DOL Proposes New Salary Threshold for Overtime Exempt Employees

Three years after employers began preparing to raise salary thresholds for employees to qualify as exempt from overtime pay requirements, the time may have finally arrived. On March 22, 2019, the U.S. Department of Labor (DOL) published the “Defining and Delimiting the Exemptions for Executive, Administrative, Professional, Outside Sales and Computer Employees” Proposed Rule in the Federal Register. DOL proposes to set the salary threshold for exemption higher than the current rate of $455 per week, although not to the peak set forth under the Obama Administration.

Employers and other interested parties have until May 21, 2019 to submit comments on the Proposed Rule.

 What is the Salary Threshold for Overtime Exemption?

The federal Fair Labor Standards Act of 1938 (FLSA) requires most covered employees to be paid one-and-one-half times the employee’s regular rate for hours worked over 40 in a workweek (29 U.S.C. § 207). However, the law provides an exemption for workers who are employed in a bona fide executive, administrative, or professional (EAP) capacity. The law also grants DOL the authority to “define and delimit” these exempt categories through regulation.

Since 1949, DOL regulations have combined a duties test with a minimum salary level intended to “screen out the obviously nonexempt employees.” The salary test assumes that employees who qualify as an executive, administrator, or professional will generally enjoy privileges which compensate for a lack of overtime pay, including a salaried rather than hourly status and significantly higher compensation than lower-level workers.

Under regulations currently in effect, covered employees must meet the duties test for their exemption category and be paid on a salary or fee basis at a rate of not less than $455 per week to be exempt from overtime requirements. This salary threshold was established in 2004, prior to a series of increases to the federal minimum wage.

In 2016, DOL finalized regulations that would have raised the salary threshold for overtime exemption to $913 per week. However, this rule was put on hold by the department and eventually declared invalid by a federal court. In 2017 DOL issued a Request for Information to gain input from stakeholders on the formulation of a new salary threshold. Comments submitted in response to that request have informed the new proposed rule to increase the salary threshold for overtime exemption.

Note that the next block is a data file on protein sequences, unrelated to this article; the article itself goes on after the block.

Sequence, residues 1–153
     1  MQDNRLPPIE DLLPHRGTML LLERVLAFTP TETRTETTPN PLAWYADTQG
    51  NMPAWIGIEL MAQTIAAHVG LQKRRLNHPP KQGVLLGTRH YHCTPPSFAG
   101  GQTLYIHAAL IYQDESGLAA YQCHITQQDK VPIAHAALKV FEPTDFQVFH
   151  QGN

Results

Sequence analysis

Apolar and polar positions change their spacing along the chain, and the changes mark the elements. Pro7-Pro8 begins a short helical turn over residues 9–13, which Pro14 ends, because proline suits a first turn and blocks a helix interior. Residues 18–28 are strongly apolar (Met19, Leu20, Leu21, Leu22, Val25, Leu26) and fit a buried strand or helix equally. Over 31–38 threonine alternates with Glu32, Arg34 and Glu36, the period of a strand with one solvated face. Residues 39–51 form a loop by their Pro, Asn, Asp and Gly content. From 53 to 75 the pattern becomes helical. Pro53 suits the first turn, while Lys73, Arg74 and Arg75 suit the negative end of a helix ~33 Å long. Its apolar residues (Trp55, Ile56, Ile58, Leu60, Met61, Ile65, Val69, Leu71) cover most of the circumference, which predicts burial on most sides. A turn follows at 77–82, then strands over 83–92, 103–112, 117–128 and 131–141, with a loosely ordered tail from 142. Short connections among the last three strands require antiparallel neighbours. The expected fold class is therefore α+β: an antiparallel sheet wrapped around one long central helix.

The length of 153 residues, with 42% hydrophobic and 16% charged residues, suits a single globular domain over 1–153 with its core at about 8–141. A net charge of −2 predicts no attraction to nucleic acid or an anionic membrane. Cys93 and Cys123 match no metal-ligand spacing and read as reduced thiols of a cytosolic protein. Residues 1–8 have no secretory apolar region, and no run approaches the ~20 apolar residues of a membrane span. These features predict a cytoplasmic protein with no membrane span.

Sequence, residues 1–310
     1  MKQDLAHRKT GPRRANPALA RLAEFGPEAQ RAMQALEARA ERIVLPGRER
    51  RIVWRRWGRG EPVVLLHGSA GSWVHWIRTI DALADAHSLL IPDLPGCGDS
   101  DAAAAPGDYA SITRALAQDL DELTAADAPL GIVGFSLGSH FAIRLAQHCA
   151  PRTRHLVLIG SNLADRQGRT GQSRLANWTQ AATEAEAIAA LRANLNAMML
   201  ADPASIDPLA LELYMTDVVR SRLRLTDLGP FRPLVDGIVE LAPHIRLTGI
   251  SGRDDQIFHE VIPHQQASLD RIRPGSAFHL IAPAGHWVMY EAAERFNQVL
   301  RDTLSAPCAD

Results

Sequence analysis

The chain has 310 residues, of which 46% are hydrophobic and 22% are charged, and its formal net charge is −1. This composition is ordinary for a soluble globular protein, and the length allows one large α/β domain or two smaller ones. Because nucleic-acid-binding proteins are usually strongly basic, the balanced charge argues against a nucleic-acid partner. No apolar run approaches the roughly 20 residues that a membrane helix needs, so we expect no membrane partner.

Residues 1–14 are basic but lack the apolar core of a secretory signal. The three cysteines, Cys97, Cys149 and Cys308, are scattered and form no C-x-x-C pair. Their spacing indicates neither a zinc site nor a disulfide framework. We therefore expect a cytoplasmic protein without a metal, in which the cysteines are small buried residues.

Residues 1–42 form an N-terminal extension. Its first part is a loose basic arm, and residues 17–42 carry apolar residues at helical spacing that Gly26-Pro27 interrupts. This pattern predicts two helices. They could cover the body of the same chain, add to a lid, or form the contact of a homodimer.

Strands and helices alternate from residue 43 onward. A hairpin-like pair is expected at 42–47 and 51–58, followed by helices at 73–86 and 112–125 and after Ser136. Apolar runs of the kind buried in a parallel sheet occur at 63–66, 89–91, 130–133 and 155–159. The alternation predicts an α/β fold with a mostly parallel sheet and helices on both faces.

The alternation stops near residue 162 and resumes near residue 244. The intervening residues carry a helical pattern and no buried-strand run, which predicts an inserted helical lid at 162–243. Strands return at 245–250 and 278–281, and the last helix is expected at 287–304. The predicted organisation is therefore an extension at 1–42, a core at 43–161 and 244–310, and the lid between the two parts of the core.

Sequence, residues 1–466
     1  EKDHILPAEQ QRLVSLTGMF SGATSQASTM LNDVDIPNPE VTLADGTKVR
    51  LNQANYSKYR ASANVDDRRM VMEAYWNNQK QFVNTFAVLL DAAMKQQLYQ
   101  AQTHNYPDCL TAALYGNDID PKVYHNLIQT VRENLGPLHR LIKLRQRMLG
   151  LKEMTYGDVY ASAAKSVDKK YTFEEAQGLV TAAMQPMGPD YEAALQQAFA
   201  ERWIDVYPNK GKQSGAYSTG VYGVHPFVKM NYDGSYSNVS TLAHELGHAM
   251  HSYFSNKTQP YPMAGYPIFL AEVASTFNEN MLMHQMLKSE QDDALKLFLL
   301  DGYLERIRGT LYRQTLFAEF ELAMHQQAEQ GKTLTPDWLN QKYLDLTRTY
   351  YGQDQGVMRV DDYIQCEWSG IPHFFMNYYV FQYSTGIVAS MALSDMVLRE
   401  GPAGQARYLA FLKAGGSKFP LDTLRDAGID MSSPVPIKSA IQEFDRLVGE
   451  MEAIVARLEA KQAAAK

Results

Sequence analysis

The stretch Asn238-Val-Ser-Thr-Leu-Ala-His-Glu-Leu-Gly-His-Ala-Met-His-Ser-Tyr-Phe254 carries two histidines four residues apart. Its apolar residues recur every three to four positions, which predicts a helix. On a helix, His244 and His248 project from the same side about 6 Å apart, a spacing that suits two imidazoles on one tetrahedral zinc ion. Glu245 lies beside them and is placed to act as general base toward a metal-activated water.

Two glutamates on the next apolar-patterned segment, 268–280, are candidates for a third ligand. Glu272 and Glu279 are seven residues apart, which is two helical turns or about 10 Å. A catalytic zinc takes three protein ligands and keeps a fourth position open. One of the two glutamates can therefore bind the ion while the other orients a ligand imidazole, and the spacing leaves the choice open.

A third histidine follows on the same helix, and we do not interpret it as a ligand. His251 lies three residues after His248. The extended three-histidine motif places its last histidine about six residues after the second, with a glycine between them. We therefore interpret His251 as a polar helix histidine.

New Proposed Overtime Regulations

The new rule would the federal salary threshold for overtime exemption at $659 per week (or $35,308 per year) for executive, administrative, and professional employees. The same rate would also apply to outside sales and computer employees. A slightly lower threshold is proposed for EAP employees in U.S. territories with lower minimum wage rates: $455 per week for Puerto Rico, Guam, Northern Mariana Islands, and Virgin Islands; and $380 per week in American Samoa.

The proposed rule also increases the salary threshold for Highly Compensated Employees to $147,414 per year. The weekly threshold for covered employees in the motion picture industry would increase to $1,036 per week, or a proportionate amount based on the number of days worked.

DOL’s  supplementary text points out that, “If left unchanged, the effectiveness of the salary level test as a means of determining exempt status diminishes as nonexempt employee wages increase over time.” As such, DOL intends to update the minimum salary threshold exemption and Highly Compensated Employee exemption every four years to ensure that they maintain their effectiveness.

If approved, the new overtime rule is likely to go into effect in January of 2020. Stakeholders can submit comments on the proposed overtime regulations here through May 21, 2019. In particular, DOL requests stakeholders to share their opinions on the lower salary thresholds for U.S. territories and the motion picture industry rate.

DOL has also issued new proposed rules for calculating an employee’s regular rate of pay, which affects overtime calculations, and for defining joint employer status. Check back in with CPC to learn more about these important employment issues.

KEEP IN TOUCH WITH CPC!

To keep up with the latest in federal, state, and local labor law news and posting compliance, follow us on FacebookLinkedIn, or Twitter or subscribe to this blog! You can also contact us by phone, via email, or by chat to order one of CPC’s signature labor law compliance products or learn more about posting obligations. 

Please keep in mind that we are unable to provide legal advice.

Leave a Reply

Your email address will not be published. Required fields are marked *